Honestly, if anything, maybe I will say that our administration was ahead of its time. Looking back, in retrospect, what we tried to do, at that time, maybe the society was not ready for it and therefore, it could not stomach. That created tension within the society. But we knew that at the end of the day, we had to do certain things that would be different from the things we did at that time. But then I had to understand the environment as such that you need time before you do certain things. In this case the much (dreaded) Structural Adjustment Programme, for example… You don’t wake up in the morning and then talk about freeing the economy. So when we started talking about privatisation, subsidy, deregulation, people at that time tried to resist it. So I feel, in retrospect some of the things we tried to introduce maybe, we would have done more of educating the people to get to see it. We didn’t look at that, that it will not be easy to change a system just as we tried in 1986 or rather even now. It even had to continue when Abacha was there…. And this is one of the difficulty democracy entails. When it comes to implementing some of these reforms, whether you call it deregulation, liberalization, privatization, it is still the same thing. So what I would have done differently would have been to give more time to enlightening the people on some of the policies that we were trying to put in place.

You had some established programmes like DFRRI for instance, and People’s Bank. But towards the end of your tenure you appeared to have yourself sabotaged some of these establishments.

Like which one?

DFFRI, for instance, was more or less disbanded and taken to ministry of agriculture, People’s Bank, of course it was still there, but it was no longer operating at the level you set out it was going to operate, helping the low income earners and the rest of them.

Well, you know that we were sensitive to criticism. DFRRI, People have tended to compare. I was very proud of the fact that everything we said we would do was done. It confers the status on us that all these things that were shunter aside were populist. So sometimes, some ask why? Let’s look at it this way, and this happens because they have heard so much about what DFRRI is doing, what ministry of agriculture is doing, therefore it is derailed. Till today I haven’t been told if the media is satisfied they sit down and write Babangida’s transition gulped N40 billion. Till today, nobody has told me how N40 billion was spent, how they came about that figure. Nobody has bothered to find out what is it we did in our first year in office. So you know given the situation at that time, one would need to try to think whether, if you insist, you were doing the right thing then you got to answer one of these things. Very unfair but this is the society, once you are susceptible, you can’t ignore what people say about you.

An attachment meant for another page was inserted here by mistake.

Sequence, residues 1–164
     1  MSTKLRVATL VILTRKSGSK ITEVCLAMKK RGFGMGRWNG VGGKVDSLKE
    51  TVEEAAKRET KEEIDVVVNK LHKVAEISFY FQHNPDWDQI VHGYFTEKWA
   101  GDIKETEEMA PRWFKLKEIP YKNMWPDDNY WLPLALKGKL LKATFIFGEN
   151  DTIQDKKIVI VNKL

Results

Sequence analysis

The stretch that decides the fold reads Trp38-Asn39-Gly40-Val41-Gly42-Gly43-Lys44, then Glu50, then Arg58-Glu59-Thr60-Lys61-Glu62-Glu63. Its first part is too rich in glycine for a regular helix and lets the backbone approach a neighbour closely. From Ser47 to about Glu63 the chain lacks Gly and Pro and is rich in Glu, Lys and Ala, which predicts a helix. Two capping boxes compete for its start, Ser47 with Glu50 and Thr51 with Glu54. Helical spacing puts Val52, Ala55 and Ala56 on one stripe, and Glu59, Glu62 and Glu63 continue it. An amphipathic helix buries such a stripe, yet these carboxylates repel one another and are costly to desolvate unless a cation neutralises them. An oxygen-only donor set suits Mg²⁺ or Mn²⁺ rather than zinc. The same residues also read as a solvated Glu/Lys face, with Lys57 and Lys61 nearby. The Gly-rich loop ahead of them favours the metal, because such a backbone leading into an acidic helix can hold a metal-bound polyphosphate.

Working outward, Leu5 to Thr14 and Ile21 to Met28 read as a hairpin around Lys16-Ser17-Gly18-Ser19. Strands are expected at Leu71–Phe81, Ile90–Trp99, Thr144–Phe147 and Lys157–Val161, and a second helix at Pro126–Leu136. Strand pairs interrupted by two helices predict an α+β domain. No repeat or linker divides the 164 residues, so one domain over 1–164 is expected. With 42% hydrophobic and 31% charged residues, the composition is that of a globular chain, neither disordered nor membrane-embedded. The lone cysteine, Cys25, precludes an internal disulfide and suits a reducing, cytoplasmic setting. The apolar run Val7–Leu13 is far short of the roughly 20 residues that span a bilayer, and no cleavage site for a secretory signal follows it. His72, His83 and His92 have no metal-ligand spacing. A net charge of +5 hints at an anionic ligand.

I find that interesting because I have already seen you in terms of someone who is always sure of his moods. I have had the occasion to speak with some political friends of yours and in the military and they said part of your problem was that you listened too much and you that sometimes you took a decision and then you went back on it.

No. I think it is very necessary as far as I am concerned. As long as you can remain focused, you can listen to one thousand and one piece of advice. It either helps you to sharpen what you already wanted to do or to jettison it. In most cases, you know, from my experience, those who were advising me, immediately they walk in, I can tell you what they are going to talk about. And I will always be proved right…. Let’s talk about doing anything. He will only tell you what he wants you to do, the moment you say okay, what you said is true, how do you do it. I want you to do it that is the problem. He will look lost completely. Ask him to think about it, and he wouldn’t come back. He is satisfied with what he has told you.

In the early years of your administration, Mr. President, you had, a kitchen cabinet of very brilliant officers. When you moved your office to Abuja in 1991, that type of contact was totally lost and we began to feel that, the intellectualism that informed your earlier years in power was gradually lost.